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PostPosted: Sat Feb 07, 2009 12:18 am 

Joined: Sun Jan 18, 2009 12:03 am
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I think there is two different periods in dogs and in people and many other animals that are relevant here, the one is what might be called the imprint period. This the critical time of bonding with the mother. Failure to bond with the mother (or a maternal figure) is probably the most important to develop a normal emotional life. Then there is the socialisation period, which is the time period in dogs and cats where they learn about relating to others of their own species and to humans and other animals. This socialisation period can end anywhere between 10 and 20 weeks for dogs, quite a bit earlier for cats, depending on breed and genetic background. After that time it is very difficult and much more time consuming to socialize, if not impossible. For a long time there was the belief that there are also one or more fear periods in dogs, during which time they are much more fragile emotionally to negative stress experiences. This is now questioned my many animal behaviorists.
Horses' development is, like that of all prey animals, very different from dogs and even from people, who are predators. Horses can see well and walk, run and eat and eliminate on their own shortly after birth because this is essential for their survival in the wild. I know that people talk about an imprint phase for horses, but it seems that the term is used somewhat interchangeably with socialisation period. I believe the popular "Imprint Training" developed by Dr. Robert Miller is considered controversial precisely because it might interfere with the imprinting of mare and foal. I would love to know what the experiences are that people have had with socializing later, ranging from later in the first week of the foal, to several years old.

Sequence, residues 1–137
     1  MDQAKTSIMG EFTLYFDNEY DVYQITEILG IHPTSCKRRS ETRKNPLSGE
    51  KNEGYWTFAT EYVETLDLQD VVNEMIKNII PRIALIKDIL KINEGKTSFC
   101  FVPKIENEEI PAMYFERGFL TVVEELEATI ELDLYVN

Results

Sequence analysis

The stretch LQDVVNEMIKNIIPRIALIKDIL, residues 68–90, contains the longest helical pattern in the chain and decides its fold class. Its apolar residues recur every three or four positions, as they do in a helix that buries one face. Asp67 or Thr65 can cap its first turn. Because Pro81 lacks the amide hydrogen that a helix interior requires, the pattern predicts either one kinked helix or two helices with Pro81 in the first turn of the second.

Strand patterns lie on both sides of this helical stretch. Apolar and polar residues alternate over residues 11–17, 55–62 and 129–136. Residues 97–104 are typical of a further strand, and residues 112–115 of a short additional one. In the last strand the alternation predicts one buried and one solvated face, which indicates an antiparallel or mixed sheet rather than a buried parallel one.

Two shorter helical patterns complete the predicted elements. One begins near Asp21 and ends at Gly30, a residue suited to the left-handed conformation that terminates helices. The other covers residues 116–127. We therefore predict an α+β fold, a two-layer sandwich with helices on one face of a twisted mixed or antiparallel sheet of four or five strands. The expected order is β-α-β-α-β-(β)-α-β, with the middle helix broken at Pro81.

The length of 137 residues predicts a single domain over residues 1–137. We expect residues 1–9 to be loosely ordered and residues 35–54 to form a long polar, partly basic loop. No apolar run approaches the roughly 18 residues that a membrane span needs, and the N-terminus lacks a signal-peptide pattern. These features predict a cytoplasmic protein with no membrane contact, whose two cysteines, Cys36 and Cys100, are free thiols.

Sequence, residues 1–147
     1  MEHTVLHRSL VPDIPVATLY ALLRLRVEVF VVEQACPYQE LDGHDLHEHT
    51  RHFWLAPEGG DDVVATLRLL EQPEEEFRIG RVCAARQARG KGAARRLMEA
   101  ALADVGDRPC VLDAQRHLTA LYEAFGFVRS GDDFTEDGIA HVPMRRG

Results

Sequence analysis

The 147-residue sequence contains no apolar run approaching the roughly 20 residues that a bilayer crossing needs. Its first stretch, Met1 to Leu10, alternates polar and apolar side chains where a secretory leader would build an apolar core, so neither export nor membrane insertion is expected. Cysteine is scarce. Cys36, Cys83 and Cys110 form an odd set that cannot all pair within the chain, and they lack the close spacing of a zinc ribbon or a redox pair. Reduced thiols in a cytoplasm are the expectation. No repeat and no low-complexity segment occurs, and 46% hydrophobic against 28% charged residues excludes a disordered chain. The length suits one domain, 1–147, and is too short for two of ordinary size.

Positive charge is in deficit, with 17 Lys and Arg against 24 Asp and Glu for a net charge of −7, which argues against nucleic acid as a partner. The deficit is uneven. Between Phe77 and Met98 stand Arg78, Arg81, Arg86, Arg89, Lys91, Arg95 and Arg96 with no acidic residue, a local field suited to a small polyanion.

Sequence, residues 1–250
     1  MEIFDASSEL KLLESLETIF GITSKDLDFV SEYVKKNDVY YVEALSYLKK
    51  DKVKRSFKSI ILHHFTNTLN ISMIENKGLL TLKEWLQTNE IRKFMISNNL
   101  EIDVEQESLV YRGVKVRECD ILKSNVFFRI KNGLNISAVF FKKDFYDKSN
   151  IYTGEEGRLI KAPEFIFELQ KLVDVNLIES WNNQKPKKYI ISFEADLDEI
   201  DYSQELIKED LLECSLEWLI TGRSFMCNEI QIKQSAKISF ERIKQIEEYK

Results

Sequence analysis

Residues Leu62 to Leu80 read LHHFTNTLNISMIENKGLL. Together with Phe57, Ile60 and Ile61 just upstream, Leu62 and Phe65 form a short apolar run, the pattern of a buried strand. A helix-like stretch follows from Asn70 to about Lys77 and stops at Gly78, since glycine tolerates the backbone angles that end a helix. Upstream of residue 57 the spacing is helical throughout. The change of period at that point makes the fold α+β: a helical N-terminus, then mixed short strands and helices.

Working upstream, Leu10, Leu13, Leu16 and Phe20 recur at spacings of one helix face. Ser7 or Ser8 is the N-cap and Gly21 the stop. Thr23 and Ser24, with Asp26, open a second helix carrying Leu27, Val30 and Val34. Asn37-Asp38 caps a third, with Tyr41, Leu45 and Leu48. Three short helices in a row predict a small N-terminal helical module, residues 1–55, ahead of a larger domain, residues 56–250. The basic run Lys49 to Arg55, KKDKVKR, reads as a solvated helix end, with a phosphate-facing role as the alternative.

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PostPosted: Sat Feb 07, 2009 12:39 am 
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Yes, I can see what you are saying about the 1.) Imprinting; and 2.) socialization period. Although horses are not prey animals, biologically we all have similiarities. The bonding and parenting from the mother; the socialization via the structure of the family.

When either is interrupted, the animal, whether prey or predator, develops strange behaviors. I mention cats and dogs because I live with them and have directly seen what happens when these patterns are interrupted. I am sure a horse has it's own eccentric behaviors that develop too.

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PostPosted: Mon Feb 23, 2009 11:03 pm 

Joined: Sun Feb 22, 2009 8:11 pm
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Location: Barcelona
Hi everyone,

I have a question about this ¨game¨
I have a3 year old stallion. he always comes to me and loves attention, but he takes a bit too much space. I mean he wants to play with you and tries to dominate you.
How would I do this game with him?

Love,

Helene

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PostPosted: Tue Feb 24, 2009 12:29 am 
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Helene,

Try this topic! Dealing with a Pushy Horse

viewtopic.php?f=27&t=441

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PostPosted: Wed Feb 25, 2009 8:04 am 

Joined: Mon Feb 23, 2009 2:23 pm